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Smart Benefits: Help Employees Maximize the Benefits of HSAs

Monday, October 22, 2018

 

Rob Calise

Health savings accounts (HSAs), coupled with a high-deductible health plan, are on the rise, with enrollment growing steadily since their introduction in 2004.

That’s because the plans give participants more control and empowerment when it comes to healthcare decisions, which can help them save. But even though more employees are selecting HSAs for their insurance coverage, not all understand the full benefits of the accounts.

Here are three ways to help workers get the most out of the plans.

  • Encourage Employees to Think 401(k), Not FSA. With an FSA, savings don’t roll over from year to year. But an HSA can be part of a longer-term investment strategy because the funds roll over and the plans are portable, so they move with employees between jobs and at retirement.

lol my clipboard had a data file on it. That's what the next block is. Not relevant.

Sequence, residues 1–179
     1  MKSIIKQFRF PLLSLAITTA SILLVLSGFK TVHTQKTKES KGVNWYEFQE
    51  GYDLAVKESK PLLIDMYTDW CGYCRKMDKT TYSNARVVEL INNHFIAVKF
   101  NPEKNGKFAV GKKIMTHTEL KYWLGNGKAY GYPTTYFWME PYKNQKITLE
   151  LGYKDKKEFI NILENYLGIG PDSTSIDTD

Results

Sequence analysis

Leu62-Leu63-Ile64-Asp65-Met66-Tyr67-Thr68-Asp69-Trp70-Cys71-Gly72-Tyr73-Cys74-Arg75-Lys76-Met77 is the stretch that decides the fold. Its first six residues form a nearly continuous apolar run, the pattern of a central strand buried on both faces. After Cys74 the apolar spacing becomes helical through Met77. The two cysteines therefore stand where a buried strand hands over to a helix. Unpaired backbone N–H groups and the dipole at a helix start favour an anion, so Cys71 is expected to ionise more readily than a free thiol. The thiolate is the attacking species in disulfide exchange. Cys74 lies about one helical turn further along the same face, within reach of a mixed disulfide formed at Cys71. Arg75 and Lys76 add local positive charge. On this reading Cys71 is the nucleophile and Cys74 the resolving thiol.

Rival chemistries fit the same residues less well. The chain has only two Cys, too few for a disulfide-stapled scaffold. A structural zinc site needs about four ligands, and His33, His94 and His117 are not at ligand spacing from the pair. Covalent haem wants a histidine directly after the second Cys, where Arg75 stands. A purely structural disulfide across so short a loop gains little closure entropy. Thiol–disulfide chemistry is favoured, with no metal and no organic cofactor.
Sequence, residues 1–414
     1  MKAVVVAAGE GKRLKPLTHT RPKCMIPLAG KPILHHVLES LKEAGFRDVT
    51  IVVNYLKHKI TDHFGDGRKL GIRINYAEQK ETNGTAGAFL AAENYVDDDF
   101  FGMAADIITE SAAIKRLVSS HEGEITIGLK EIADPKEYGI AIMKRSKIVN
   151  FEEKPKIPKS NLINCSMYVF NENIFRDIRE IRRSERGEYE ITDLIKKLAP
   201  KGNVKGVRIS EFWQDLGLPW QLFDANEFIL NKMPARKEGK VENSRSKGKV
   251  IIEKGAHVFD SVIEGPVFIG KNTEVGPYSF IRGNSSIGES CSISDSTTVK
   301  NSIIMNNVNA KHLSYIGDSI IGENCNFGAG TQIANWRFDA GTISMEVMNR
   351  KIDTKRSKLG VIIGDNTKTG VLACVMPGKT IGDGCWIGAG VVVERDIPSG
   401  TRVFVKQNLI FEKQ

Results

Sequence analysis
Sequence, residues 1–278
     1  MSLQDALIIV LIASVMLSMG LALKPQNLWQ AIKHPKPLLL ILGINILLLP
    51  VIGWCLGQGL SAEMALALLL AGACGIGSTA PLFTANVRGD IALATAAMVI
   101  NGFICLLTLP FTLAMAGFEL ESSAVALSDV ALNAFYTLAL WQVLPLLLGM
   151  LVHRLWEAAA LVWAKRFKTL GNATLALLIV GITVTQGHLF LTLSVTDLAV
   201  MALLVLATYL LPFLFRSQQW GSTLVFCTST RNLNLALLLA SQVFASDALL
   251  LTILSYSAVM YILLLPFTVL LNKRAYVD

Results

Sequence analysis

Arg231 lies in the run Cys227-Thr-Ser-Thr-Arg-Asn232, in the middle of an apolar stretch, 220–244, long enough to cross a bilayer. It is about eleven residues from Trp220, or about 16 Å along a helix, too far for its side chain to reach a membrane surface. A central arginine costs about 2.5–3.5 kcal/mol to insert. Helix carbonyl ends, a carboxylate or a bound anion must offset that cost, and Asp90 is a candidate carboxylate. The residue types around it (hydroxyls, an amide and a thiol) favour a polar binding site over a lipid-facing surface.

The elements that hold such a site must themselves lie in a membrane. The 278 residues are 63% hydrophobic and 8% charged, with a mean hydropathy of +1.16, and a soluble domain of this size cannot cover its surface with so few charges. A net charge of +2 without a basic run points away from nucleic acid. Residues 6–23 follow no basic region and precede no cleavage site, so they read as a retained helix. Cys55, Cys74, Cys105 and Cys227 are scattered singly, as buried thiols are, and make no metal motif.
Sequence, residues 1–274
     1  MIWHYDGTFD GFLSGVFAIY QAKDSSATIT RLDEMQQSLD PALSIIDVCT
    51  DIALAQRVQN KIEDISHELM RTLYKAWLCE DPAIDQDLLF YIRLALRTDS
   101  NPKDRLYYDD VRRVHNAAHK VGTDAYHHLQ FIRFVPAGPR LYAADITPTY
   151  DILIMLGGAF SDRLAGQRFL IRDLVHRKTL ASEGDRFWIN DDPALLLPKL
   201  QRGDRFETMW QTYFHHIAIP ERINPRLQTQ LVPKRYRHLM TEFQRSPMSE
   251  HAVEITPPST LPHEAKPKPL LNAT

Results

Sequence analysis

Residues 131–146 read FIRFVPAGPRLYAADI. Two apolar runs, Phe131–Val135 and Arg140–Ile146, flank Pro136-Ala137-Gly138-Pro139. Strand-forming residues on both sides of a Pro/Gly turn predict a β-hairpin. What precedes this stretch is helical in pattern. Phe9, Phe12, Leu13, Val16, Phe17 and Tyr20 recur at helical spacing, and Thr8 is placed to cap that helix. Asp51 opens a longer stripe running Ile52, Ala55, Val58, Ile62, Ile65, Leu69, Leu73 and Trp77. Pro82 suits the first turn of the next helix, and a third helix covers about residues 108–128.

• Share the Triple-Tax Benefit: HSAs offer a number of valuable tax benefits to employees: contributions are tax deductible (or pretax if made through payroll deduction), savings grow tax free, and withdrawals on qualified expenses are also not taxed.
  • Communicate Covered Expenses: Participants can withdraw HSA funds tax-free to pay for eligible medical expenses. And the list of what the money can be used for, listed in IRS Publication 502, is extensive. Beyond medical and dental care, the funds can also be used for things like acupuncture, chiropractors, eye glasses, fertility treatments and more.

 

Rob Calise is the Managing Director, Employee Benefits of The Hilb Group of New England, where he helps clients control the costs of employee benefits by focusing on consumer-driven strategies and on how to best utilize the tax savings tools the government provides. Rob serves as Chairman of the Board of United Benefit Advisors, and is a board member of the Blue Cross & Blue Shield of RI Broker Advisory Board, United HealthCare of New England Broker Advisory Board and Rhode Island Business Healthcare Advisors Council. He is also a member of the National Association of Health Underwriters (NAHU), American Health Insurance Association (AHIA) and the Employers Council on Flexible Compensation (ECFC), as well as various human resource associations. Rob is a graduate of Bryant University with a BS in Finance

 

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